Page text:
If someone gave you a million dollars, would you blow it? We all like to think we wouldn’t, but just like that $5 latte I drink every time I go out and that $8 artisanal chocolate bar I can’t live without, we’re budgeting our commodities based on whatever information we have at the time. We are not always logical with how we spend our money. Sometimes we think about long-term investments, and sometimes we give in to quick satisfaction..

Our time is subject to the same influences when it comes to spending it.

As you plot out your goals and tasks every week, try to craft each of your days to be in accordance with what you’re truly committed to in life.

(Not sure what that is? Try checking in with your Yearly Theme for inspiration!)

You have all of the information. You know what needs to be done to accomplish each of your goals at each stage; you know how much time they will take and what resources you will need; most importantly, you know that you are capable.

Taking it day-by-day: using your Weekly Outlook pages

There’s more to life than just goals As we start to fill out the Weekly Outlook, start by taking stock of what exists in your day-to-day schedule that is solid, important, and unchangeable. We’re building on our amount of  protected time. Things like:

  • School schedule
  • Work shifts
  • Taking the kids to school
  • Appointments (doctor, mechanic, etc.)
  • Events
  • Volunteering
  • Date night
  • Deadlines to be aware of

Open your Weekly Outlook and plug these tasks in first.

You may have noticed that the days are not scheduled by the hour. This is the only macro feature that my brain had trouble wrapping itself around. But, I schedule myself down to the 15 minute increments! I have meetings, time-bound goals, etc!  

Take a deep breath and repeat after me: If I time block my life down to 15 minute increments, am I going to enjoy my life? Answer that for yourself.

Planning Productive Days, Weeks, and Months (Beginner Series Part 3)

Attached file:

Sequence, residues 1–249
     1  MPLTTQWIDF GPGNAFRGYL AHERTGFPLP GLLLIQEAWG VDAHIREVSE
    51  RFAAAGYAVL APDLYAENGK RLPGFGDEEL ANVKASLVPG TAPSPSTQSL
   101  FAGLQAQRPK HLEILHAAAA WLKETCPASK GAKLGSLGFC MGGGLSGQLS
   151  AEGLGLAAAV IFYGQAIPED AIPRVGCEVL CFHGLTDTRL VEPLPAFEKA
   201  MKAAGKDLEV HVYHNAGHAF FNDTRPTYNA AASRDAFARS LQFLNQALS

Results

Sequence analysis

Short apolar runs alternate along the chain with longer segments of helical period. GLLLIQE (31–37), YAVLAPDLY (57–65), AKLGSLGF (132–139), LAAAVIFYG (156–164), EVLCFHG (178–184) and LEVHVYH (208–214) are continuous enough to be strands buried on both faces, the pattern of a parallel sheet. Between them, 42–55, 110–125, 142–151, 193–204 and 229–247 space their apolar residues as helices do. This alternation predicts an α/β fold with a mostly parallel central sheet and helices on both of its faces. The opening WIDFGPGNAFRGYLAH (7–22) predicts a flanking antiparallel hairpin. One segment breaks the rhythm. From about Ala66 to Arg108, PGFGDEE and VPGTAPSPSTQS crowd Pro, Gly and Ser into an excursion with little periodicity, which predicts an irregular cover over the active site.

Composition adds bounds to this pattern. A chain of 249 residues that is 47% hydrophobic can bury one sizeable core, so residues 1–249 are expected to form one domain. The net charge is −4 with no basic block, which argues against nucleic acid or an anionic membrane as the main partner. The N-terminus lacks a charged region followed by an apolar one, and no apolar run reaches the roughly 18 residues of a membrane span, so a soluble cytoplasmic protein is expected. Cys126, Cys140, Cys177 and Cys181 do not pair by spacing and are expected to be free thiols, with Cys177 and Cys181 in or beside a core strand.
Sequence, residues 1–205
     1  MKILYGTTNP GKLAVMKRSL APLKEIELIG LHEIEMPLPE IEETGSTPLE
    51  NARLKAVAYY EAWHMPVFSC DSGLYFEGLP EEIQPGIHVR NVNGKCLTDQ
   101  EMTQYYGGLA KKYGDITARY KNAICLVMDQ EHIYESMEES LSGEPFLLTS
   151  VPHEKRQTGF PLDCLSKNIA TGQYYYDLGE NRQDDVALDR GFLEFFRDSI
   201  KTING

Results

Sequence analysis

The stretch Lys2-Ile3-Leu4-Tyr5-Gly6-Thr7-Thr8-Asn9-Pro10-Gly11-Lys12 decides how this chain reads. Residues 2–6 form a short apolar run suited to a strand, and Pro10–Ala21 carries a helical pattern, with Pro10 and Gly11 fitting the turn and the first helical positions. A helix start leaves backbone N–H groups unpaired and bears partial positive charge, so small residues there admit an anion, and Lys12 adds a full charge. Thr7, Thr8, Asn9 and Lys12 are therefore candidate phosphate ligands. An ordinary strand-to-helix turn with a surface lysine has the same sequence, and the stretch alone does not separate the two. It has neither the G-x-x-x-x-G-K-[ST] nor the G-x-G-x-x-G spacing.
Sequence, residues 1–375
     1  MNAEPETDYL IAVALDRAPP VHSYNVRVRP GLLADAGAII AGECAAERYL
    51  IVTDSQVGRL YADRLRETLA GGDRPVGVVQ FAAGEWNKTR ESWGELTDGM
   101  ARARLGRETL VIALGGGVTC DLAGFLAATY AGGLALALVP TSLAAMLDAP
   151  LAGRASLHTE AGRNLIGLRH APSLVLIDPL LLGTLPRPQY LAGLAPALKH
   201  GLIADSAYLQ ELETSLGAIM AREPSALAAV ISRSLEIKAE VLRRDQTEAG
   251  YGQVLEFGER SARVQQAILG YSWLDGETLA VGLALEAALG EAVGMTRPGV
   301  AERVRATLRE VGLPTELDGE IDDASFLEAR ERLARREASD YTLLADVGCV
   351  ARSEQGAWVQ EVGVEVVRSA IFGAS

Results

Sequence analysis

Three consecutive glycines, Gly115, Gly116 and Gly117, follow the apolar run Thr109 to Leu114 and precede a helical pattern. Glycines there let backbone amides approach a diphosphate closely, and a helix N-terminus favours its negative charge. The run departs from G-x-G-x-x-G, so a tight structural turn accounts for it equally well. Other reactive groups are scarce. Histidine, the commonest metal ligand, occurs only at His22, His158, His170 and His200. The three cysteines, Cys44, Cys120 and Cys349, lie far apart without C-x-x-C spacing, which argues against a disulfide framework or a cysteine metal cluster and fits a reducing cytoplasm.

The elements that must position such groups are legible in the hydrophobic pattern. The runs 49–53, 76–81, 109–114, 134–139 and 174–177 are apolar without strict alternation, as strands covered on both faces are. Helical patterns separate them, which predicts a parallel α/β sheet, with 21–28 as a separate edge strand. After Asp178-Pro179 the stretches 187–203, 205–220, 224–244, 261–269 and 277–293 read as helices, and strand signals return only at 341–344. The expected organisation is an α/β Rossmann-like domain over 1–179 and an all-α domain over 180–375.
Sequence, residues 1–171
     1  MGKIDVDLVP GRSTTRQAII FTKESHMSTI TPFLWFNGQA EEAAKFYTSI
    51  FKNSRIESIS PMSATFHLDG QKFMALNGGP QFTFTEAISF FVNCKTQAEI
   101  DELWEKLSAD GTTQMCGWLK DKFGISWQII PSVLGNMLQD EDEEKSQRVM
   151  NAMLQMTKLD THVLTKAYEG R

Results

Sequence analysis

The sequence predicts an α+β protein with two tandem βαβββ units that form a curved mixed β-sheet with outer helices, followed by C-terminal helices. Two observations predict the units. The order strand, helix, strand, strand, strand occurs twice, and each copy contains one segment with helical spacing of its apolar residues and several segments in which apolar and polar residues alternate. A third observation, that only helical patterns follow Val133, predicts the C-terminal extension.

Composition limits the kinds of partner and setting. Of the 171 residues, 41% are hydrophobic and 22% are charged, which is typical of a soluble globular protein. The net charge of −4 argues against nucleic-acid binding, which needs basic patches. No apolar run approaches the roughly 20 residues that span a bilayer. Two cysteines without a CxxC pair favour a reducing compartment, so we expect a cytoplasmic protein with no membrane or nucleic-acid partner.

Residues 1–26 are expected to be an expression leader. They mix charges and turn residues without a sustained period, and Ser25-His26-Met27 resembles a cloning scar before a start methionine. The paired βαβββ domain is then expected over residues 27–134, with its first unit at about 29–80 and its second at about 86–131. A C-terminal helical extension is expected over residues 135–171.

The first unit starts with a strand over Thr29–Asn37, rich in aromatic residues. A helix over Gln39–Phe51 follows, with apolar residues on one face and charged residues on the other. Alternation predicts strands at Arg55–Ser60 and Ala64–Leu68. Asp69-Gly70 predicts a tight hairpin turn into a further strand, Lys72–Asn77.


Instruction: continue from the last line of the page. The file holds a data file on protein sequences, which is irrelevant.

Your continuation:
Here is how I have been tackling the Weekly Outlook so far:

I enjoy color. So I picked colors and assigned them to different “subjects” in my calendar. It was intimidating at first, but now I find it comforting. When I see a certain color, I know exactly what that means, and it rarely requires more explanation beyond what exact times that colored portion may be bound by.

Try to limit your color scheme to 4 – 8 colors. Beyond that, you may need to develop a “key” to keep it all organized.

Now that you have your Protected Time, Weekly Goals, and color scheme (if you’re using one) ready to implement, start to fill in your Weekly Outlook to reflect the life you want to craft.

For a “workday”, I typically keep it all one color, the “work” color, and then add the goals or steps I’ll be taking within that day, noting next to each one if they have a specific time to be completed.

Some of you may be far more artistic than I. You can see that I’ve attempted to draw pictures, write messily, and have since opted for color-blocking with lists that are supported by my Ink+Volt Task Pad.

This is an opportunity for you to experiment and unlock your creative planning potential beyond what you’ve ever accomplished before.

How does it feel to look through your planner and see a life, handcrafted by you, leading you along the path to your greater purpose?

Thank you for joining me so far in beginner series to get you acquainted with the major sections of your Ink+Volt Planner. Whether you’ve yet to purchase a planner of your own, have been staring at a blank planner for who knows how long, or wanted to get some inspiration from another’s way of thinking, I hope I provided some actionable and valuable suggestions for your future planning.

Hey, wait! What about the 31-Day Challenge and all those blank spaces for brainstorming? Glad you asked! Stay tuned for the final two parts to this beginner series, one to help you maximize your 31-day challenges, and one inspire you to take on the deep, generous art of brainstorming.


Amelia Bartlett is a photographer and creative consultant living and working in Tennessee, where she is converting a retired school bus into her home.

She is a new Ink+Volt Planner user, and has created a 5-part series sharing her journey of goal-setting and learning to use her planner. Follow along for inspiration, whether you’re a beginner or seasoned planner user! You can learn more about her work at amelia-bartlett.com.